And that, to me, is what’s exciting about being in tech marketing today. And especially to be working for EveryoneSocial.
ES: What are some of the similarities that you see between B2B and tech marketing and fashion; that only you would see, having experience in these two worlds?
Griffin: I think it’s less about what tech marketing and fashion have in common, and more about how they are compatible. For example, I’m an avid blog reader. I follow thousands of blogs and read them through my feed reader each and every morning.
I follow lifestyle blogs, fashion blogs, health & fitness blogs. I follow food blogs, and makeup and beauty blogs. I follow interior design blogs and even religious blogs. And then yes, I follow business blogs and tech blogs and social media blogs.
But I think there is this misconception that there is our personal lives and then there is our professional lives. And that those two parts of ourselves are completely separate. But like all of the blogs I follow, I am not just one topic. Or just one “brand.” I am multifaceted and all of those things are relevant to me. All of the blogs I follow are part of the idea that “this is the life I want to live.”
And that includes both fashion and technology.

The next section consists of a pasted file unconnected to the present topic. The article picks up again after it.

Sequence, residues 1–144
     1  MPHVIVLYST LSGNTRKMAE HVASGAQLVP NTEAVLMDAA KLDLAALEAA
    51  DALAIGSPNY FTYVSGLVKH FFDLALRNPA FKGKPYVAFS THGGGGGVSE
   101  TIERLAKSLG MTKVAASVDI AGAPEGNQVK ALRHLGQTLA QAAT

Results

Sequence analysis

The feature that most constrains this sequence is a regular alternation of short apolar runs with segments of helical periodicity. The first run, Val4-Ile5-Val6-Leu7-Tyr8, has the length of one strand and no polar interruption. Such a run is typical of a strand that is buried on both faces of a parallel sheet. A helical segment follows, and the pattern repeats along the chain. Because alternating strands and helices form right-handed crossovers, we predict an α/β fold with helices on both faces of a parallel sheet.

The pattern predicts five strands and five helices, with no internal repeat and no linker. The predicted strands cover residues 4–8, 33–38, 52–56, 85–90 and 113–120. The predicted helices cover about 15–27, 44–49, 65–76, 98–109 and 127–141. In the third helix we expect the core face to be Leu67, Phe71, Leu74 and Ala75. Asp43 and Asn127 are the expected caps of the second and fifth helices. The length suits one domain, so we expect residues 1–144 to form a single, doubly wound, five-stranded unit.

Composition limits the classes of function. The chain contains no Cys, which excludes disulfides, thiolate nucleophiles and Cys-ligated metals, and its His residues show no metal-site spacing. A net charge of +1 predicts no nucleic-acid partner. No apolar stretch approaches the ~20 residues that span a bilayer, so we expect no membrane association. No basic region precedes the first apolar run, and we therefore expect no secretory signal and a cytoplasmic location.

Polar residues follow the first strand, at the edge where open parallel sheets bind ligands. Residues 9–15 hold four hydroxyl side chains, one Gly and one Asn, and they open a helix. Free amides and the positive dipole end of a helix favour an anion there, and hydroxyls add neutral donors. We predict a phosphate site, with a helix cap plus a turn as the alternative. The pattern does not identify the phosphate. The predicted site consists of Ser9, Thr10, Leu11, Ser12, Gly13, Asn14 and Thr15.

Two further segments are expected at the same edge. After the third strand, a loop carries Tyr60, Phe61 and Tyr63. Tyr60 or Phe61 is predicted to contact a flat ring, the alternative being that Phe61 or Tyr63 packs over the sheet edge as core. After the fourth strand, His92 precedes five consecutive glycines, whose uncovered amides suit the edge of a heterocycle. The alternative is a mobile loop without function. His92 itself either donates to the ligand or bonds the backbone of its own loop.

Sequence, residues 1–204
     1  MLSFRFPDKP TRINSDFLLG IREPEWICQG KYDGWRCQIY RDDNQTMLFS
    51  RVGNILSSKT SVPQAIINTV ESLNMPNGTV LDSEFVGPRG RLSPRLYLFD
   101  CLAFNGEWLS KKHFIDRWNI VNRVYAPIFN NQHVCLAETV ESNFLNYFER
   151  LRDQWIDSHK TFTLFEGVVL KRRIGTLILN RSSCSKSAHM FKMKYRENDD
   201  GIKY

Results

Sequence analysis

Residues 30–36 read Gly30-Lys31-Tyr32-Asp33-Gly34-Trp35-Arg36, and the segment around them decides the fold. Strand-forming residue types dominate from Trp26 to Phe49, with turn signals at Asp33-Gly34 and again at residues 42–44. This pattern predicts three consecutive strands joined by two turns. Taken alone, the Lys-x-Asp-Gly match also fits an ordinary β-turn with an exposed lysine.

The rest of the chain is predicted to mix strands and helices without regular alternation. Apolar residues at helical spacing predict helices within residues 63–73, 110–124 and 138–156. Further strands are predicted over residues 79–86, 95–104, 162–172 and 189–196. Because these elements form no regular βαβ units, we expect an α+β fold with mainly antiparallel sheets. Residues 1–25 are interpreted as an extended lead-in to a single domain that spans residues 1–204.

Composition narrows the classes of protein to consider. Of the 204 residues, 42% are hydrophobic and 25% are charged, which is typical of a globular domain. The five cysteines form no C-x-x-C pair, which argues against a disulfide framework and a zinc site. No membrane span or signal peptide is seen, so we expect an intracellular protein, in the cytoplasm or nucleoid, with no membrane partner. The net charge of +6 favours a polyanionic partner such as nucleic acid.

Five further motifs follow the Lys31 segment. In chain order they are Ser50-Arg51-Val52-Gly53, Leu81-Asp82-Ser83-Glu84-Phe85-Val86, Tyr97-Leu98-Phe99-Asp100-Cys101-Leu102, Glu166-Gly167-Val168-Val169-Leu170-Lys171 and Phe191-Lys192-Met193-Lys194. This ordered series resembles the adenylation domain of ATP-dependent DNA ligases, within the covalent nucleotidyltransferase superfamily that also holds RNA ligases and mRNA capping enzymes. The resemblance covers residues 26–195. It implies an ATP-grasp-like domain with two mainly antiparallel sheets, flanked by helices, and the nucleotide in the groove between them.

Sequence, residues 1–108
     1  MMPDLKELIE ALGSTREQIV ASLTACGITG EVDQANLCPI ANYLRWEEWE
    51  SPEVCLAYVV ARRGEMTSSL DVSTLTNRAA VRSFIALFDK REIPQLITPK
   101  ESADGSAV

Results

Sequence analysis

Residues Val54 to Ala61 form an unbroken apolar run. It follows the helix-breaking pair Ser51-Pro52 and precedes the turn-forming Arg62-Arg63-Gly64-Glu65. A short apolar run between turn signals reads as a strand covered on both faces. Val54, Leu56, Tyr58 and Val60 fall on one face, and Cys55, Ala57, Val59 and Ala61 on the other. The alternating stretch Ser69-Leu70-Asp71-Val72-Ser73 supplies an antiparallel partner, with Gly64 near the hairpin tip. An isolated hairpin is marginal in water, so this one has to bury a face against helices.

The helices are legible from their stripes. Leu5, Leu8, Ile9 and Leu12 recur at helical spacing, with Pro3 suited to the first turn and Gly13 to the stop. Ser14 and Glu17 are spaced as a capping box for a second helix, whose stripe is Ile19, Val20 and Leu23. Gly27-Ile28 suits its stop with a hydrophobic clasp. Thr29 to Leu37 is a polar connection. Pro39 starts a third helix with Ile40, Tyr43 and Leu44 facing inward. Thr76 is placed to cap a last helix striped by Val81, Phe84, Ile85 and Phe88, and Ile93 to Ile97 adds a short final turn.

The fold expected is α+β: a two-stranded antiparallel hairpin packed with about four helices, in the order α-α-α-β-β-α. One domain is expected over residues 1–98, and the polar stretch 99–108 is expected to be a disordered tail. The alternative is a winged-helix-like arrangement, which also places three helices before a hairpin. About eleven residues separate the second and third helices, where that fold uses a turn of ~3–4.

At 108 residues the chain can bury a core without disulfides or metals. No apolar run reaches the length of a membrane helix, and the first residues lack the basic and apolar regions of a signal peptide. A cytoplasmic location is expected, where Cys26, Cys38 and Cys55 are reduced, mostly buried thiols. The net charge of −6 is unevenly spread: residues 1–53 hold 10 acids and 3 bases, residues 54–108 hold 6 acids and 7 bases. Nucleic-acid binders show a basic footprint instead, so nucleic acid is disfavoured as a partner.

Fashion & technology are not two separate things. They are two parts of our lives. They have the same power to say “this fashion represents who I am” or “this technology represents who I am.” Because whether we are at work or at home, carrying a Kate Spade bag or a laptop, that says something about who we are. And promotes the same sense of self that I think is so key to marketing. Whether it’s marketing fashion, or B2B technology.
ES: In your opinion, what are some ways that the industry can make this connection even stronger?
Griffin: For B2B, it’s really about making the product appealing to the employee.Being an employee of a company is a big part of our workday. It’s why there are so many blogs out there today about how to follow your dream, or make your passion your career.
Everybody is really interested in making their career a very fun passionate part of their lives. As opposed to a dormant way that we spend 40 hours a week, and then we come home and live the passionate part of our lives outside of work.
For me, that’s the benefit of marketing to a B2B company. We can change that and we can say, “Hey, we’re going to be a product that is important not just to the company we’re selling to but to the employee that’s going to use it, who can make it part of their normal everyday lives.”